Our 1859 Balloon Voyage opened in 2009, and it tells the story of the first airmail delivery in the U.S., which happened in Lafayette, Ind.
By Hannah Kiefer
For the next two weeks, we’re taking our blog to new heights as we explore another experience area: 1859 Balloon Voyage.
The experience opened in 2009. It tells the story of John Wise, a balloonist who carried out the first airmail delivery in the U.S. back in 1859. The feat occurred in Lafayette, Ind.
Wise was an enthusiastic balloonist and he flew various balloons just about every season for decades. He was especially interested in the “rivers of wind,” or a rudimentary concept similar to the jet stream that we know today. Wise never flew high enough to access the jet stream, though; his balloons were not built for such heights. But his ideas weren’t entirely incorrect when it came to how to navigate the wind above the ground.
The 1859 Balloon Voyage features a tethered helium balloon that lifts guests about 370 feet up in the air.
In 1859, publicists for the city of Lafayette brought Wise there as a bit of a publicity stunt. And it worked: Nearly 20,000 people flocked to the city’s downtown square to watch the balloon take flight. Lafayette also provided an ideal location for the balloon to take off because there was plenty of coal gas available there, the gas Wise used to lift his balloon.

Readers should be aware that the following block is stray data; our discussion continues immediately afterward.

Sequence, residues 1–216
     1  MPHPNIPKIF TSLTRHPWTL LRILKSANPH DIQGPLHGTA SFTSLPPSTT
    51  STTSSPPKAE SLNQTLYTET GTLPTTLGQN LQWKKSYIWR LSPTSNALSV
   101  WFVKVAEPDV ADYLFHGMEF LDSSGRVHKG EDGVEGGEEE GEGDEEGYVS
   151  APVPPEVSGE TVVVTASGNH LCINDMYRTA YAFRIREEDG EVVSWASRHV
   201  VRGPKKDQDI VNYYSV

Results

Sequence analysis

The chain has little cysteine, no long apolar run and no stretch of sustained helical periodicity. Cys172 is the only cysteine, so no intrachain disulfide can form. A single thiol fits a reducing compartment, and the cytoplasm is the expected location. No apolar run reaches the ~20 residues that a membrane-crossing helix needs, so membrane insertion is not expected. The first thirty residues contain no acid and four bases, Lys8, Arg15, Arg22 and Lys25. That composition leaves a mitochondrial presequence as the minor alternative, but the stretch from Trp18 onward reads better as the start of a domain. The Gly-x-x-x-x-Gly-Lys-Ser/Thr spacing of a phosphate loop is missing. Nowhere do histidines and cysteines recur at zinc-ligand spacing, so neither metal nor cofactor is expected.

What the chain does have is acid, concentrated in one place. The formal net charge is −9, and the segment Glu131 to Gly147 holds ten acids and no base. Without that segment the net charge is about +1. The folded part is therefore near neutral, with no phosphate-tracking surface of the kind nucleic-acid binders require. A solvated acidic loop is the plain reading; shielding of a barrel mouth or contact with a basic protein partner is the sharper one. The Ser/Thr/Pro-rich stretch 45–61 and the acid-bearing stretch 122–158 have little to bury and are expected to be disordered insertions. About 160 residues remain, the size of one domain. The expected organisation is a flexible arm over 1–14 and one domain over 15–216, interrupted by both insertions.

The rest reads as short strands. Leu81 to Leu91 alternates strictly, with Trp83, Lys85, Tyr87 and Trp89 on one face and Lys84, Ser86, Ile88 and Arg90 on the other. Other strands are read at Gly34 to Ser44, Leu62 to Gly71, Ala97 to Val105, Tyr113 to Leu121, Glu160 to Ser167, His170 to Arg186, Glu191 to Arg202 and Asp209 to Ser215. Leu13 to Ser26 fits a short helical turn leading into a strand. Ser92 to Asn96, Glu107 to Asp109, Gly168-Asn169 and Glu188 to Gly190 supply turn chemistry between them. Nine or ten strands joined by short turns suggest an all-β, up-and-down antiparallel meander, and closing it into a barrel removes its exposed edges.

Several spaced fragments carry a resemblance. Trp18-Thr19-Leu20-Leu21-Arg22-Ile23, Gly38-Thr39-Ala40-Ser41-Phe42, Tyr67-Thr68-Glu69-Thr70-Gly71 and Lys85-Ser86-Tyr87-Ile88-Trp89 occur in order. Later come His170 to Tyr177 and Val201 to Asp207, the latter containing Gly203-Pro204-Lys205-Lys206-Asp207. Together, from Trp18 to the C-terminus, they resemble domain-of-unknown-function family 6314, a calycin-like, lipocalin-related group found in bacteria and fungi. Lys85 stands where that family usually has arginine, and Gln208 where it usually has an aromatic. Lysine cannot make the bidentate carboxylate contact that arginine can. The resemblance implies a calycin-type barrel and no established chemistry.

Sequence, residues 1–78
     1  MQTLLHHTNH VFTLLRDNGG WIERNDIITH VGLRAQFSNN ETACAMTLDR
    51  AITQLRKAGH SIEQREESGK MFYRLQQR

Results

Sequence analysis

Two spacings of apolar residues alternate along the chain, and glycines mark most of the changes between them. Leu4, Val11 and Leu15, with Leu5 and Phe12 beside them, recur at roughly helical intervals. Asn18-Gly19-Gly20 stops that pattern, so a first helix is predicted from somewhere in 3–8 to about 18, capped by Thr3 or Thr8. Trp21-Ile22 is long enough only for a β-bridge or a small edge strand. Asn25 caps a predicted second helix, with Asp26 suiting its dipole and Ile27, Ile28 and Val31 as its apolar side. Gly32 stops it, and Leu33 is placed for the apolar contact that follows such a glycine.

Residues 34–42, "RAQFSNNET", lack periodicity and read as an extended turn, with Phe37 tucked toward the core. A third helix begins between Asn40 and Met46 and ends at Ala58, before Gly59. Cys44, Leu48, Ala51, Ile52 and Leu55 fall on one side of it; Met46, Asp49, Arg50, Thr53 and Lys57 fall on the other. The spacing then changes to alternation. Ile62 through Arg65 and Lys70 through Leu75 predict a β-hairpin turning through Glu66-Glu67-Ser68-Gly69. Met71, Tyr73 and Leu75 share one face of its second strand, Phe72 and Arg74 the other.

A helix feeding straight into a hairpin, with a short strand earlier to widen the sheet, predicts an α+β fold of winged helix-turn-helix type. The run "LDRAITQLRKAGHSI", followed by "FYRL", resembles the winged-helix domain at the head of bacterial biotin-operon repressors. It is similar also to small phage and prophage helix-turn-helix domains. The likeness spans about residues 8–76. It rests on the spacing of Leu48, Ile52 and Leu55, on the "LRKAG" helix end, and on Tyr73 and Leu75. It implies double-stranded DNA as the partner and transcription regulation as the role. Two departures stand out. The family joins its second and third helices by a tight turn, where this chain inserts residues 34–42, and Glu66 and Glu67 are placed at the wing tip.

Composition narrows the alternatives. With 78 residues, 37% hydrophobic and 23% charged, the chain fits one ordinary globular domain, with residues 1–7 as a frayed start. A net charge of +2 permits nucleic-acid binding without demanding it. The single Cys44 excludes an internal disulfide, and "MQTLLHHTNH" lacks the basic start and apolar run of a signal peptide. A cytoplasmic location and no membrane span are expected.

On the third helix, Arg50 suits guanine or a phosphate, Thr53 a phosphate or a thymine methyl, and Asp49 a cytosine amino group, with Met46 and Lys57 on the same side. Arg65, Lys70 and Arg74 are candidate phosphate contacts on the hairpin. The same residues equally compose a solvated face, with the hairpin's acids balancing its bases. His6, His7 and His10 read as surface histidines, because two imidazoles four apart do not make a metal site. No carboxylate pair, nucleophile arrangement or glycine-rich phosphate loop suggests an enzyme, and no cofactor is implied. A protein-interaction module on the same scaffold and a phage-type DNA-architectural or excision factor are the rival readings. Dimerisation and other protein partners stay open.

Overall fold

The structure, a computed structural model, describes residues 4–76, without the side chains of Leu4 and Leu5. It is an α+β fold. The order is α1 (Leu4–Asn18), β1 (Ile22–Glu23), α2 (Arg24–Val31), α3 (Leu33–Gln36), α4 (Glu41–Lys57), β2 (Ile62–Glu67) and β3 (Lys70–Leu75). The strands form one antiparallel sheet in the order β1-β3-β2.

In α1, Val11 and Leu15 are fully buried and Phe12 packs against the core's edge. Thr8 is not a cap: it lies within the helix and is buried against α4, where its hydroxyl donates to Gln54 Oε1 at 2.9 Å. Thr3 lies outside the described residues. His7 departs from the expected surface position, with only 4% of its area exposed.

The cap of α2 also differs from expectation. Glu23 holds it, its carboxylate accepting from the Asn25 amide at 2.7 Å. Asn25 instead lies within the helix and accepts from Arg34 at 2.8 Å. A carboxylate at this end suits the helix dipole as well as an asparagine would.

Although he intended to fly from Lafayette to New York to deliver mail, Wise ended up only making it to Crawfordsville, Ind. The mail was then put on a train and taken to New York that way. However, the mail was stamped as airmail delivered and so it was considered the first-ever successful airmail delivery in the U.S.
Much like our indoor experience area Create.Connect, 1859 Balloon Voyage seeks to help visitors explore science, technology, engineering and math through the lens of a historical event. On the ground around the balloon, visitors can step back in time to 1859 Lafayette and explore different storefronts. Experiment stations let visitors investigate the weights of different gasses to see which might lift most effectively. Visitors can even send electronic postcards to themselves through an interactive kiosk.
Of course, after exploring on the ground, it’s time to fly up 370 feet in the air in the balloon itself. Contrary to what many believe, Conner Prairie’s balloon is not a hot-air balloon. It’s a helium balloon on a tether, a strong, steel band which is the same grade strength as the steel bands that slow and stop U.S. Navy fighter jets landing on U.S. Navy military warships. Trained pilots operate the balloon and they carefully monitor weather to ensure everything’s safe for the balloon to fly. No wind and overcast skies with temperatures under 80°F are ideal for flying. Thunderstorms, clouds below 1,000 feet, winds over 24 mph and temperatures 90°F or above keep the balloon grounded.